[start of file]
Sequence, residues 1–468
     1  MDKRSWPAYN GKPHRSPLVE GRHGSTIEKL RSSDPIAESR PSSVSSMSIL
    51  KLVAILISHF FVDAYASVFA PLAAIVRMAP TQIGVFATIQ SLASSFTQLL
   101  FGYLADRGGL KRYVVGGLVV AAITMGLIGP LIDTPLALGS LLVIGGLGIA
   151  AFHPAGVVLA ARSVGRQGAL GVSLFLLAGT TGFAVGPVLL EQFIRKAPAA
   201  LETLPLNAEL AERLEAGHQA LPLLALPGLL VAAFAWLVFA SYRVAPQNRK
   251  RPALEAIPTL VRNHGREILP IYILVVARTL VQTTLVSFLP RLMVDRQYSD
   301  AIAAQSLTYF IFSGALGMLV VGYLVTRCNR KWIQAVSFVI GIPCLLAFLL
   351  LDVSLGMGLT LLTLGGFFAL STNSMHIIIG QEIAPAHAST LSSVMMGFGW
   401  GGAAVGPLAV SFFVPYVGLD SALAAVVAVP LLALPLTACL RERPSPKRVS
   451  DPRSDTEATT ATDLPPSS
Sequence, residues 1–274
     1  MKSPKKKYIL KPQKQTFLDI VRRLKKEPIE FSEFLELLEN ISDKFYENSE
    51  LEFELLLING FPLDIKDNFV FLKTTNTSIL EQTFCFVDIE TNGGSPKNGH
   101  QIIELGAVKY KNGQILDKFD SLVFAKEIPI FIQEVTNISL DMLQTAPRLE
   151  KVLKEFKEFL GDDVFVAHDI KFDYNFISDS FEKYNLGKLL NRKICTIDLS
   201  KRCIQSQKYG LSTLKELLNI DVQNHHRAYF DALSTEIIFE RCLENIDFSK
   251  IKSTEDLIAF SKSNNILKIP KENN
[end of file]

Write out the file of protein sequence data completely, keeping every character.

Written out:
Sequence, residues 1–468
     1  MDKRSWPAYN GKPHRSPLVE GRHGSTIEKL RSSDPIAESR PSSVSSMSIL
    51  KLVAILISHF FVDAYASVFA PLAAIVRMAP TQIGVFATIQ SLASSFTQLL
   101  FGYLADRGGL KRYVVGGLVV AAITMGLIGP LIDTPLALGS LLVIGGLGIA
   151  AFHPAGVVLA ARSVGRQGAL GVSLFLLAGT TGFAVGPVLL EQFIRKAPAA
   201  LETLPLNAEL AERLEAGHQA LPLLALPGLL VAAFAWLVFA SYRVAPQNRK
   251  RPALEAIPTL VRNHGREILP IYILVVARTL VQTTLVSFLP RLMVDRQYSD
   301  AIAAQSLTYF IFSGALGMLV VGYLVTRCNR KWIQAVSFVI GIPCLLAFLL
   351  LDVSLGMGLT LLTLGGFFAL STNSMHIIIG QEIAPAHAST LSSVMMGFGW
   401  GGAAVGPLAV SFFVPYVGLD SALAAVVAVP LLALPLTACL RERPSPKRVS
   451  DPRSDTEATT ATDLPPSS
Sequence, residues 1–274
     1  MKSPKKKYIL KPQKQTFLDI VRRLKKEPIE FSEFLELLEN ISDKFYENSE
    51  LEFELLLING FPLDIKDNFV FLKTTNTSIL EQTFCFVDIE TNGGSPKNGH
   101  QIIELGAVKY KNGQILDKFD SLVFAKEIPI FIQEVTNISL DMLQTAPRLE
   151  KVLKEFKEFL GDDVFVAHDI KFDYNFISDS FEKYNLGKLL NRKICTIDLS
   201  KRCIQSQKYG LSTLKELLNI DVQNHHRAYF DALSTEIIFE RCLENIDFSK
   251  IKSTEDLIAF SKSNNILKIP KENN